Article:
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India's Rush Towards a Cashless Economy While most payments in India are still made with cash or cheques, the Reserve Bank of India (RBI) has increasingly been focusing on shifting payments to electronic channels. Standard Chartered focus on this shift towards a towards a digital and 'less-cash' society.

India’s Rush Towards a Cashless Economy

India’s Rush Towards a Cashless Economy 

By Ashutosh Kumar, Global Head Banking the Ecosystem, Transaction Banking, Standard Chartered 

 
While most payments in India are still made with cash or cheques, the Reserve Bank of India (RBI) has increasingly been focusing on shifting payments to electronic channels. The initiatives are having an impact, as data from the RBI shows that the volume of cheques as a percentage of total payments dropped from 34% in 2013 to 13% in May 2016. Cash payments have dropped as well. 

 
The shift towards a digital and ‘less-cash’ society has been facilitated by the efforts of the RBI to strengthen the electronic payments infrastructure, including the roll-out of new products such as the Immediate Payment Services (IMPS) and the Unified Payment Interface (UPI). 

Digital payments and the e-Commerce wave

To facilitate the usage of digital solutions, banks and payment companies in India have developed a multitude of payment apps, wallets and other digital services which have made digital payments far easier for consumers. One of the key drivers for usage of these digital payments services has been the growth of e-Commerce in India, which has resulted in a social change whereby almost everyone with a smart phone has been exposed to transacting online. 

While a recent CII[1] report showed that 60% of consumers still prefer to use cash on delivery for payments for e-Commerce transactions, compared to 30% who prefer cards, the percentage of people who use digital payments is growing. Even though many more people would prefer to move away from cash on delivery, further growth has been constrained because they also want to ensure that they have received the goods before making the payment. The UPI initiative from the government is a key digital payment mechanism which caters to this consumer behaviour and can increase the percentage of digital payments faster.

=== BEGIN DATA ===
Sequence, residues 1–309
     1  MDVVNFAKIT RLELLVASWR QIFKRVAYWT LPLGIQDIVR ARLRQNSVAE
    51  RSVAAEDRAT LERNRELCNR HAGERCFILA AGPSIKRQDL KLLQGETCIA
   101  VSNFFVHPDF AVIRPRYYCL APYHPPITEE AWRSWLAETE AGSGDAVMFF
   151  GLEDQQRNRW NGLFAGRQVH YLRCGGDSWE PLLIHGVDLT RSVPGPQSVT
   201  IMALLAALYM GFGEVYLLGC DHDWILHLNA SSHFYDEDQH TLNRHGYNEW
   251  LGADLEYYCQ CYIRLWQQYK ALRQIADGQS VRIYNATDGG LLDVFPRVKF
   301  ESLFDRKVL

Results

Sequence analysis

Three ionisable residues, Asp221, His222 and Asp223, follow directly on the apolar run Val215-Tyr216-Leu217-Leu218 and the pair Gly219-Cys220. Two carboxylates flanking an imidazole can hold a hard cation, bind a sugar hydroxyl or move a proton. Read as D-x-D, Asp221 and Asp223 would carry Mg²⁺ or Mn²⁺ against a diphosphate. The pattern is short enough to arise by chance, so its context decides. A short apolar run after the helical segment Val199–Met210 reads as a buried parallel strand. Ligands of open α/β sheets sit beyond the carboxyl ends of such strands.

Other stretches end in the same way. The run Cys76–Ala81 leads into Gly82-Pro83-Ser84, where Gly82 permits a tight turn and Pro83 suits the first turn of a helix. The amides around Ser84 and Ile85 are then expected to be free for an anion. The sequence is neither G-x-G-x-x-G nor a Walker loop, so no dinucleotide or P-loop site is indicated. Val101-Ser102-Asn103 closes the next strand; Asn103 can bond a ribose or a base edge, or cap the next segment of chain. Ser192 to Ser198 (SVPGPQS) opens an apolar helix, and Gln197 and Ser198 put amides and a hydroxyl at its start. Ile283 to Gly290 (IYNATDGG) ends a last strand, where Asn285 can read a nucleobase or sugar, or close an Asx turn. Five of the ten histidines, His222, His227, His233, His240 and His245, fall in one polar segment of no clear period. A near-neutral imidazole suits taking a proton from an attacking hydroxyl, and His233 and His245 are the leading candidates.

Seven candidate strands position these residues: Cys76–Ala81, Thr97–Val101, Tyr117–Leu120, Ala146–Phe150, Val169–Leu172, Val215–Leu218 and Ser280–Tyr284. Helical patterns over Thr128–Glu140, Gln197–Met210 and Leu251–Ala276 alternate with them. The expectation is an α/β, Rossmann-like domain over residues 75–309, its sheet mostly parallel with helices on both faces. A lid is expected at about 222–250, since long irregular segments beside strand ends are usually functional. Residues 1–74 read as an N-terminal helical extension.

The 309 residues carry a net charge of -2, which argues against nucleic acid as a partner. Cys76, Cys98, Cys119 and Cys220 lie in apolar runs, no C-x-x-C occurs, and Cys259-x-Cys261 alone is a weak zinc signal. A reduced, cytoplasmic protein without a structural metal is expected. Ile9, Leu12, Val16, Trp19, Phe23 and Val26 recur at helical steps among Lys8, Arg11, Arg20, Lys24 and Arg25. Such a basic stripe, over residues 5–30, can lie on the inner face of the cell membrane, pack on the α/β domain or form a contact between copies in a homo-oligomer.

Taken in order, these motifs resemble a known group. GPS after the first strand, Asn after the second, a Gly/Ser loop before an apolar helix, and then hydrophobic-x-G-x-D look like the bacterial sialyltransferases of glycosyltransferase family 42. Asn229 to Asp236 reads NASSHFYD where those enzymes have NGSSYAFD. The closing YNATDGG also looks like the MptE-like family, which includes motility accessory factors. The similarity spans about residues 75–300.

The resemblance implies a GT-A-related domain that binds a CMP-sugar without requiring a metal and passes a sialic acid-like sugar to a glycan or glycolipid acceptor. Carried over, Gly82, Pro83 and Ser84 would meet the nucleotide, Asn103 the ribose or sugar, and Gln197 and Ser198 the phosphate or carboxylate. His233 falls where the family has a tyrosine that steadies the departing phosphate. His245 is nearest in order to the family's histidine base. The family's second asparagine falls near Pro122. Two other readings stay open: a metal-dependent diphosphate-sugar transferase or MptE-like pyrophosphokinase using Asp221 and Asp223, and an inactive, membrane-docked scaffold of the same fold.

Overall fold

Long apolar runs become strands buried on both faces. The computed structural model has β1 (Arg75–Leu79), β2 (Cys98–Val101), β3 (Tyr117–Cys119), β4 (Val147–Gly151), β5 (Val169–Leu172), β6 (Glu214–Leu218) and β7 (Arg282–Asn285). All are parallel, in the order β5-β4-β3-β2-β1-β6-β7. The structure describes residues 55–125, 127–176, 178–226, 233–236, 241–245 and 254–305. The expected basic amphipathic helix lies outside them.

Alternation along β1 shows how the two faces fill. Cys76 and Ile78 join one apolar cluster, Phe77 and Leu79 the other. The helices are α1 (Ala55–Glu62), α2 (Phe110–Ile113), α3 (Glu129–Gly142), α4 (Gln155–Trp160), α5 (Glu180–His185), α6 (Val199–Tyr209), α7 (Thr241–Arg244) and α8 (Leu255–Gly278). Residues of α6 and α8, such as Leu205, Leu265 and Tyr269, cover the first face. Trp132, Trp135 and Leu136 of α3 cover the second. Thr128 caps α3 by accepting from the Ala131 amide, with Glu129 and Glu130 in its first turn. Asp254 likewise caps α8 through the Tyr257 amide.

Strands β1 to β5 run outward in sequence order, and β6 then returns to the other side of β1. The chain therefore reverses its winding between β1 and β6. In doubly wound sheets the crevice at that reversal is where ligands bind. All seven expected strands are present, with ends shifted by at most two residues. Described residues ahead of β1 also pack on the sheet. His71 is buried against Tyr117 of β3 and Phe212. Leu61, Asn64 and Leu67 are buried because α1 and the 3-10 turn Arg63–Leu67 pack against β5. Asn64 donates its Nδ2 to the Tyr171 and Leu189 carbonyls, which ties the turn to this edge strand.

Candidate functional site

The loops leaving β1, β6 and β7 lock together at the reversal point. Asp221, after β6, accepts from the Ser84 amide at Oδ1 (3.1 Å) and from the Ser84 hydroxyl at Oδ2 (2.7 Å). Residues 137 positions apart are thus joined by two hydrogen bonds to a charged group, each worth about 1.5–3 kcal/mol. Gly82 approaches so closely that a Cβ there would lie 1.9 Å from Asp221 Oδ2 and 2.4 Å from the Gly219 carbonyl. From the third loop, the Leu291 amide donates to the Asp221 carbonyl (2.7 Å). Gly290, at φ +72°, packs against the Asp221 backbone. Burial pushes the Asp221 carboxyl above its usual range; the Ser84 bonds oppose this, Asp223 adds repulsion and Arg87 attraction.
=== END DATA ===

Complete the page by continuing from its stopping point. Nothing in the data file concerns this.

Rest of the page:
The Unified Payment Interface (UPI)

The launch of UPI has indeed increased the pace of the shift towards electronic transactions.

UPI, an integrated platform that enables immediate payments, was developed by the National Payments Corporation of India (NPCI). NPCI, an umbrella organisation set up in 2006 at the behest of RBI for all retail payment systems in the country, expects that all banks in India will eventually be required to implement interoperable UPI technology. 

UPI allows consumers and companies to transfer funds between different banks immediately with the use of a single identifier, which acts as a virtual address and eliminates the need for them to exchange bank account or card numbers. Consumers can transfer funds to merchants or make peer-to-peer payments instantly using UPI, and they can also use UPI’s real-time collections request function to request payments.

When a consumer makes a new e-Commerce purchase, for example, they can choose UPI as their payment option during checkout. They only need to pay for the merchandise when it is delivered, using the UPI app on their smartphone, which overcomes their concern about whether the merchandise will be delivered if they make payment first. The courier will receive an instant confirmation of the receipt of funds. Moreover, the buyer can still use UPI to make the payment seamlessly from wherever they are, even if they are not at home and the merchandise is received by a family member. The courier will similarly receive instant confirmation of the payment. By increasing convenience and flexibility, UPI has the potential to convert more cash transactions into digital transactions. 

UPI has also tackled the issues of data security and confidentiality, which are key concerns for many consumers. Since UPI users’ information is stored as a virtual address, the information is not accessible to the counterparty for a transaction or to hackers who might try to gain access to the UPI database. 

Beyond e-Commerce, the government has also started launching new initiatives to leverage UPI to increase the pace of migration towards a cashless society. The government has launched its own UPI app called BHIM (Bharat Interface for Money), for instance, to boost the usage of UPI and encourage people to make electronic payments more frequently. 

By making digital payments as convenient and as fast as sending a text message, the government has helped merchants and consumers shift from cash to digital payments for everything from delivery of e-Commerce merchandise and over-the-counter collections to dealer-distributor payments.

 

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